Unfortunately, mold does not discriminate against any homes or apartments—you lucky ones with brand spanking new homes may still fall prey to mold growth. Thankfully, it’s pretty simple to remove! 

Mold growth can be removed from hard surfaces with commercial products, soap and water, or a bleach solution of no more than one cup of household laundry bleach in one gallon of water.

To prevent further mold growth, ensure that humidity levels in your space are low. An air conditioner or dehumidifier can help to dry that air out! Cleaning bathrooms with mold killing products will also ensure no little spores have time to flourish. Also, make sure to consider your vents. Keeping household vents open will allow for proper circulation to keep mold at bay.

Lead-Based Paint

Lastly, it’s still important to be on the lookout for lead-based paints. Bad paint was at the forefront of my mind with a little “ankle biter” in tow when I looked at prospective apartments.

Lead is particularly dangerous for kids because, if you weren’t aware, just about everything goes into their mouths, including paint chips. For kids, lead exposure can result in behavior and learning problems, slowed growth and lower IQ. Again, older homes and apartments have a higher incidence of lead paint—those built before 1940 have an 87 percent chance that they contain lead paint. If the lead paint is in good shape, there is little to no risk. but if the paint is chipping, peeling or cracking, it’s time to get it removed.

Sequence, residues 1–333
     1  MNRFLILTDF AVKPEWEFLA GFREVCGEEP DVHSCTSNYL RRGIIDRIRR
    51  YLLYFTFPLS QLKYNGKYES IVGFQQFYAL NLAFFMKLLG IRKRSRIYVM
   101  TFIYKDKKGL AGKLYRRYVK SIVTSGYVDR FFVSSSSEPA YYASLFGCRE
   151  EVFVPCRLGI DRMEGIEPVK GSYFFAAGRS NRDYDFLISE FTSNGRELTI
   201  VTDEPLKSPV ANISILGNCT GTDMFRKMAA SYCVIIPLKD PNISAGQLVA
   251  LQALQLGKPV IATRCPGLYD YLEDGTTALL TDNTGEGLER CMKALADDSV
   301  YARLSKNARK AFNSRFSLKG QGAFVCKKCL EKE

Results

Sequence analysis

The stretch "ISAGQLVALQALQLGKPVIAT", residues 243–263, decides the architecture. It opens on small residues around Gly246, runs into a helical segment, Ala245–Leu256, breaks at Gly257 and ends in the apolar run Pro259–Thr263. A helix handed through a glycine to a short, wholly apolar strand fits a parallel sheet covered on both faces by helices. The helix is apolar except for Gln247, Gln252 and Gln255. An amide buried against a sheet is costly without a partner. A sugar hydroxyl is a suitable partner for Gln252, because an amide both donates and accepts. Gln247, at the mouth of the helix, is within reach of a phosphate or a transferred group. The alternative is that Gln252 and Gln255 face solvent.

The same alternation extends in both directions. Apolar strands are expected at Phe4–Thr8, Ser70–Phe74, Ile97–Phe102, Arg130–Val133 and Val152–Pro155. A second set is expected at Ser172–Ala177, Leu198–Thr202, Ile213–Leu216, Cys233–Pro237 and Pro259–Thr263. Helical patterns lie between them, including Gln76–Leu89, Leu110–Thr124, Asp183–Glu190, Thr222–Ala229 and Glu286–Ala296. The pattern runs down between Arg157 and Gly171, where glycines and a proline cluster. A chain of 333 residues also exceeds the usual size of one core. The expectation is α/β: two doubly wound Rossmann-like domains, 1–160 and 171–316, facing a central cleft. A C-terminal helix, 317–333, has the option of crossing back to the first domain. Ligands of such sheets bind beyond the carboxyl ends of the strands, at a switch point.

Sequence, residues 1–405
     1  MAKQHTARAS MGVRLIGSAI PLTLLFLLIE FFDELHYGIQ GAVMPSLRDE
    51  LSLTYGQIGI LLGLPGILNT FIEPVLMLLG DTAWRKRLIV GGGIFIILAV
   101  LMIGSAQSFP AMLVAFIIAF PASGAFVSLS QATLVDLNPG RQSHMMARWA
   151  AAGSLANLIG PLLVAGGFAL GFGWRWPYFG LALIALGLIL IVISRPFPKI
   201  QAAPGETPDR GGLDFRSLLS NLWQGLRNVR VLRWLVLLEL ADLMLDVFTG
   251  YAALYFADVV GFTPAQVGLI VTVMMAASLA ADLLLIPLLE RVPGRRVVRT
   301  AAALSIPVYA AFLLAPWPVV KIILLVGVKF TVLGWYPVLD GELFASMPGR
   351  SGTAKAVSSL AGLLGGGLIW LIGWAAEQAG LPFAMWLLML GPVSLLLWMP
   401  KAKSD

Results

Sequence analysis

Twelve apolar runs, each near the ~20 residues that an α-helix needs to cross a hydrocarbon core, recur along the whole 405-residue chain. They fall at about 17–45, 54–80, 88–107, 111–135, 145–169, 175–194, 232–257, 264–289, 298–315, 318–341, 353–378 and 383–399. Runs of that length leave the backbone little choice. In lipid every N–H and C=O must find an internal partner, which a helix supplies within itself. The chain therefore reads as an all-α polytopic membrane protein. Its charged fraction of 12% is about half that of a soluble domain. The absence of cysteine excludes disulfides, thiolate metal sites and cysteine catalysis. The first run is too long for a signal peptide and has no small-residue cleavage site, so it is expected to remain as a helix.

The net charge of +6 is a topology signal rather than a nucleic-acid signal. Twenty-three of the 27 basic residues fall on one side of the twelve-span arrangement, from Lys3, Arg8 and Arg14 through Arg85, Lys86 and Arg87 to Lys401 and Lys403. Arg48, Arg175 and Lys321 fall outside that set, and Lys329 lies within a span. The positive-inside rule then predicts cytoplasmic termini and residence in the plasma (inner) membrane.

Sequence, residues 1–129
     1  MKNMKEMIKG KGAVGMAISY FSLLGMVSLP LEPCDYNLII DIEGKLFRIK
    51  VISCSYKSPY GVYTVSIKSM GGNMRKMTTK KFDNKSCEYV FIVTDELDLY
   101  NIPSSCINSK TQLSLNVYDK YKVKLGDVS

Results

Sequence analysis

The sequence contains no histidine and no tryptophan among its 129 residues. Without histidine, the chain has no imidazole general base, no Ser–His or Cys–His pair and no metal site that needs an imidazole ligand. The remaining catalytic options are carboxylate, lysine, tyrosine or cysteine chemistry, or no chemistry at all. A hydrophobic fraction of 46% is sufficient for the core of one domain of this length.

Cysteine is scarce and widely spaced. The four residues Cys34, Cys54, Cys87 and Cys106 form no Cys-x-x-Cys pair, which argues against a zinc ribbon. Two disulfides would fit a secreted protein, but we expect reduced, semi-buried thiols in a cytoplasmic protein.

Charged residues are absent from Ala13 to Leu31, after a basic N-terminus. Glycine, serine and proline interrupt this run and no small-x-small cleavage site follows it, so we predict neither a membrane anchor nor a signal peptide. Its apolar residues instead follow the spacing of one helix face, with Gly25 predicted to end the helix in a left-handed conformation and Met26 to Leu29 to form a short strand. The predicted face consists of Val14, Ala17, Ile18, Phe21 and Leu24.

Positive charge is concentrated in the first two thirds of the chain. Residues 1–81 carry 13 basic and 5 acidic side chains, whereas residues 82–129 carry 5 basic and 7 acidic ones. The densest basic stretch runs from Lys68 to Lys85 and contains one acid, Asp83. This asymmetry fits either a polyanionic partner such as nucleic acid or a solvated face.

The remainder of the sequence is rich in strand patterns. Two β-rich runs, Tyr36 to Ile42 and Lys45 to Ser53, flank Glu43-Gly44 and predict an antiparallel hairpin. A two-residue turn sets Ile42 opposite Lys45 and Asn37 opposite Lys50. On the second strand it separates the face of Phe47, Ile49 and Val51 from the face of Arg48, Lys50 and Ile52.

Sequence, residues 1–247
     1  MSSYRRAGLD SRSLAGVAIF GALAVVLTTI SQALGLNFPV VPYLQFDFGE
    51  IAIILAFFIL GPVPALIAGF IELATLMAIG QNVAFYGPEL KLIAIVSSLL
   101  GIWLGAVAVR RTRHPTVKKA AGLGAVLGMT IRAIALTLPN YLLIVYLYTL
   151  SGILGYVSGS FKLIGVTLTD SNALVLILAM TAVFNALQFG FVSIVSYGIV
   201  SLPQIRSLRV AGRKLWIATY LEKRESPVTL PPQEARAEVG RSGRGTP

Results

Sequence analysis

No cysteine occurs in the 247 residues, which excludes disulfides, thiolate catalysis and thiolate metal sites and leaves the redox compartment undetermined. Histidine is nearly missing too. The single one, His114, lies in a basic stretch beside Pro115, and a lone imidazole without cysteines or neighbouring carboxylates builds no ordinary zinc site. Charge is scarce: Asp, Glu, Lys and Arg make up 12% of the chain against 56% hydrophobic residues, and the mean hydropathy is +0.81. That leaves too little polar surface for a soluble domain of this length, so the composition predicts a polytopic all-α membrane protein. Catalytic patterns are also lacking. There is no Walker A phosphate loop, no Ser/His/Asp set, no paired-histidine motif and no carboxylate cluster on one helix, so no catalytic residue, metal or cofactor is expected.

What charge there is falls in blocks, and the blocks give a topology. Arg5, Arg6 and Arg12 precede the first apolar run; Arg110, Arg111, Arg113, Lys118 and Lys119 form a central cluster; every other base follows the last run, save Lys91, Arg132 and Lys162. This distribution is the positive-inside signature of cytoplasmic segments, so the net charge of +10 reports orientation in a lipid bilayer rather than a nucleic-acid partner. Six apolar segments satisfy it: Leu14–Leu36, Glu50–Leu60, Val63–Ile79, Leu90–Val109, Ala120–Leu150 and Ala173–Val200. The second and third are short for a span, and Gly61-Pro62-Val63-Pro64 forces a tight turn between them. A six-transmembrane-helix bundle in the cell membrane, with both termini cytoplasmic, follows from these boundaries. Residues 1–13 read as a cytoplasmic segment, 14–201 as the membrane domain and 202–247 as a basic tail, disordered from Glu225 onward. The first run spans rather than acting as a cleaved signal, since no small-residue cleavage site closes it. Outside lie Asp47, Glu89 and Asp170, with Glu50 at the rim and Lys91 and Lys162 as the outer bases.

It’s important to have your homes inspected for lead-based paint. Don’t be shy about bringing it up to a landlord, even if you’re already moved in! A basic risk assessment will inform you about any lead-based paint present in the space and how to mitigate the risks.

As a young professional making my way on my own I was confident that I was smart enough to know what to look for when apartment hunting. It turns out I wasn’t smart enough without additional research. But hopefully, through the tips and tricks I’ve mentioned, you can be sure to save yourself from some headaches (and heartaches) and prevent you and your little bundles of joy from exposure to toxins.